Consumers like new innovations that make our lives more convenient. Remember the quaint old days when people made purchases with cash or checks? That's now been replaced by the ubiquitous debit card. Remember the days of yore when the only time you could answer the phone was when you were at work or home? Now your phone goes wherever you go. Yes, technology has made our lives more comfortable, but it has also made it easier for corporations and the government to track our movements, obtain a good deal of personal information and even manipulate the lives we lead.
Take, for example, the innovation of the bank (debit) card. When these cards first began coming out in the 70s, we were sold on their convenience. By carrying a bank card, they told us, we didn't have to walk around flush with cash or go through the hassle of trying to get stores or businesses we didn't typically frequent to accept our checks. What's more, using them was free! So, we were sold on their convenience and low cost.
Once the use of bank cards became nearly ubiquitous, the free part mostly went away. Today there are all sorts of fees and surcharges attached to them. In the long run, financial institutions are profiting more from the use of bank cards than they ever did when we stuck to cash and checks. But there is another insidious aspect to bank cards that was never advertised: All purchases made with these cards are now recorded and tracked!
Who can get their hands on this personal information? We don't precisely know! It is assumed that our bank has access. We know through various news reports that our banks often sell our information to others. But there is another institution that can now access those records too. The government! Government spies -- both federal employees and hundreds of thousands of contractors -- can see almost everything we purchase from a night of phone sex to a box of toothpicks.
And this should make us wonder: Was this the true intent behind the introduction of bank cards all along? Were we duped into thinking this was all about saving money and convenience instead of its true purpose of providing corporate and government access to our purchasing behavior?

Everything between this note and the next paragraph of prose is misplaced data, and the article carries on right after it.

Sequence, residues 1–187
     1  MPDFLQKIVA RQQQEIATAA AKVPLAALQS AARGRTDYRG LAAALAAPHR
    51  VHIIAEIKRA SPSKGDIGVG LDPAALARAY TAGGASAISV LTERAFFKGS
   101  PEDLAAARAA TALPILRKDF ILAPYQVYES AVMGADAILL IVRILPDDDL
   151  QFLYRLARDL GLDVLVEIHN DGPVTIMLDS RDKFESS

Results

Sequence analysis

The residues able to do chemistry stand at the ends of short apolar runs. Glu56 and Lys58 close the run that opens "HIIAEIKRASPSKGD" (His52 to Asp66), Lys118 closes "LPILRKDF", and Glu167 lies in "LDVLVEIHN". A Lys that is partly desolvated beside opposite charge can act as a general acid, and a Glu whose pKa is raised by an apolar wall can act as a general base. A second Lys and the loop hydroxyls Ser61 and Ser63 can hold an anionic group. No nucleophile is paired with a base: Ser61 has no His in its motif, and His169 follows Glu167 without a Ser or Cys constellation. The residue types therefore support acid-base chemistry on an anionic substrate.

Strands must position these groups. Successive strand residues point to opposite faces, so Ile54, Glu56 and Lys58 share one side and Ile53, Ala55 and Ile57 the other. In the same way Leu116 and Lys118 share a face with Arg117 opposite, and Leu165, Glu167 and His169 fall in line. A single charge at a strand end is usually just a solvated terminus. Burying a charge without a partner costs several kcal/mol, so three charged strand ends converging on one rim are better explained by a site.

Think about cell phones and other internet-connected electronic gadgets. Again, we were sold on their convenience and again we are now being tracked and our personal information is made available both to corporations and the government.
Cloud computing is now in vogue. Store your personal information in the cloud, they tell us, and you can access it everywhere you go. But so too can corporations and the government! In fact, for government spies, it is a lot easier to slurp up your private information from a cloud than it would be from other sources.
Another new innovation is vehicle telematics. One such system, OnStar, is offered by Chevrolet. In the event of an automobile accident, OnStar can determine your location and contact emergency personnel, if needed. If your vehicle begins to malfunction, the OnStar system can remotely ascertain the mechanical difficulty. If your vehicle is stolen, OnStar can assist the police in tracking it down. Pretty cool, huh?
But there is a downside as well. Because your vehicle is connected to the internet, corporations and the government can track your movements. They can conceivably listen in to your conversations inside your vehicle. Worst of all, according to Richard Clarke, vehicles equipped with such telemetrics can fall victim to hacking!
The peculiar circumstances of journalist Michael Hastings' death in Los Angeles last week have unleashed a wave of conspiracy theories.
Now there's another theory to contribute to the paranoia: According to a prominent security analyst, technology exists that could've allowed someone to hack his car. Former U.S. National Coordinator for Security, Infrastructure Protection, and Counter-terrorism Richard Clarke told The Huffington Post that what is known about the single-vehicle crash is "consistent with a car cyber attack."
Clarke said, "There is reason to believe that intelligence agencies for major powers" -- including the United States -- know how to remotely seize control of a car.
"What has been revealed as a result of some research at universities is that it's relatively easy to hack your way into the control system of a car, and to do such things as cause acceleration when the driver doesn't want acceleration, to throw on the brakes when the driver doesn't want the brakes on, to launch an air bag," Clarke told The Huffington Post. "You can do some really highly destructive things now, through hacking a car, and it's not that hard."
"So if there were a cyber attack on the car -- and I'm not saying there was," Clarke added, "I think whoever did it would probably get away with it."
In all honesty, when I heard about Hastings' death, this was my first thought! The circumstances of the accident simply didn't sound very plausible to me. Considering who Hastings was and the kind of in-your-face investigative reporting he did, my first thought was some kind of remote-control sabotage. Until someone definitively proves otherwise, I am sticking to my initial thought.
More generally, I am learning to be very wary of supposed consumer innovations. Over the past few decades, almost every one that has been sold as a benign method of making our lives more convenient has concurrently had a nefarious side to it. Whenever a new idea is advertised these days, the first question that pops into my mind is: What is the corporate or government angle? Is this truly about ease of use and convenience or something else altogether?